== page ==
The rapidly changing Libya crisis demands fast action by the EU, which is under great pressure now to recognise the rebel National Libyan Council (NLC) and establish a no-fly zone to halt bombing raids by Col Muammar Gaddafi‘s forces.
Libya is a huge diplomatic challenge for the EU because of Arab sensitivities about Western intervention and the risk of more civilian casualties if a no-fly zone is imposed.
The excesses of European colonial powers left deep scars in the Arab world – including Libya. More recently, opponents of the war in oil-rich Iraq pointed to the West’s anxiety to secure stable energy supplies from the region.
The “Arab Spring” is being compared with Europe’s anti-communist rebellion in 1989. So Euro MPs reminded EU foreign policy chief Baroness Ashton on Wednesday that an historic opportunity for democratic change must not be squandered.
The democratic revolution in the Arab world is a “historical juncture”, said the centre-right German MEP Elmar Brok, warning that “it will only have a chance if people have decent living conditions”.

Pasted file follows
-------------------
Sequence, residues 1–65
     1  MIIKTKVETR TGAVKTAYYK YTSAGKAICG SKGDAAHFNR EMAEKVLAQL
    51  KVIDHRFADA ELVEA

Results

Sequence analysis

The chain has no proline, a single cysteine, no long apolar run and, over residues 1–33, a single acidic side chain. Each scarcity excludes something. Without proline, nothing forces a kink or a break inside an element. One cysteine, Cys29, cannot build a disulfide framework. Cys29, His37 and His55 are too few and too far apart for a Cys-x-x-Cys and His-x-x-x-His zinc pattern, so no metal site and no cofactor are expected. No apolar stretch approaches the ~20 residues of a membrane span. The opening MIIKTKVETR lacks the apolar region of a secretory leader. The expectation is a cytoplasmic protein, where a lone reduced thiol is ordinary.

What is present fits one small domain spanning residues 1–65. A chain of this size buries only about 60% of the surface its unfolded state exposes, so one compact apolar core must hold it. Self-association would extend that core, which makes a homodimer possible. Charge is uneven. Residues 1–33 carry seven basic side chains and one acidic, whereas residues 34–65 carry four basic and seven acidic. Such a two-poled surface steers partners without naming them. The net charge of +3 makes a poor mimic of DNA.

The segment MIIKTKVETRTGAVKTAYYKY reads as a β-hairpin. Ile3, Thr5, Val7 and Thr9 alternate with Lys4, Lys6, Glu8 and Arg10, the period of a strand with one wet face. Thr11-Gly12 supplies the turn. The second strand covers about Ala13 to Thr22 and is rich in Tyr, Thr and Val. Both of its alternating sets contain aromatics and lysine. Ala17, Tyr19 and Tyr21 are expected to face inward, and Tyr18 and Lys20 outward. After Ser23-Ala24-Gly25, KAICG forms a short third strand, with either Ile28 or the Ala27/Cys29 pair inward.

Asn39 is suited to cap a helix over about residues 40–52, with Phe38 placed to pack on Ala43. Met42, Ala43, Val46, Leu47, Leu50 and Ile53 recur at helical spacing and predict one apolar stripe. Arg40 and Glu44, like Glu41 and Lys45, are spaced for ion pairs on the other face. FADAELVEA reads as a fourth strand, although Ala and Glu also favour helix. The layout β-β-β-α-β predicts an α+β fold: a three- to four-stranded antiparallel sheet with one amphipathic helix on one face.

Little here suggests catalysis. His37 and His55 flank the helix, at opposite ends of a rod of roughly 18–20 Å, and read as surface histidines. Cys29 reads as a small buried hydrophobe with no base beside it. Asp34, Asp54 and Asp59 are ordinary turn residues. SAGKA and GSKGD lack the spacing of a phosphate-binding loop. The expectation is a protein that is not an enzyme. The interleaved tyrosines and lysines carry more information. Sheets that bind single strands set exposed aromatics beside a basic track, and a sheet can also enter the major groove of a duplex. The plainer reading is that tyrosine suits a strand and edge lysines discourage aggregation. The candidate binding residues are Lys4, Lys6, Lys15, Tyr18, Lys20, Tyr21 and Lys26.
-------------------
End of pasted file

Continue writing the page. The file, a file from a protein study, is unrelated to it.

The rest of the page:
Mr Brok, a foreign policy expert in the European People’s Party (EPP), urged the EU to help isolate Col Gaddafi. He said a no-fly zone could be imposed with Arab League co-operation, even without a UN resolution.
Haunted by Bosnia war
Greens leader Daniel Cohn-Bendit said the EU must give firm support to the anti-Gaddafi rebels – both humanitarian and military assistance.
“Let’s not go back to what we did in Bosnia – an [arms] embargo on Serbs and Bosnians. No, we must be in one camp,” he said.
The 27-nation EU is still haunted by the 1992-1995 Bosnia war, when policy divisions and delays contributed to the bloodshed. The EU watched impotently as the worst atrocities in Europe since World War II were committed.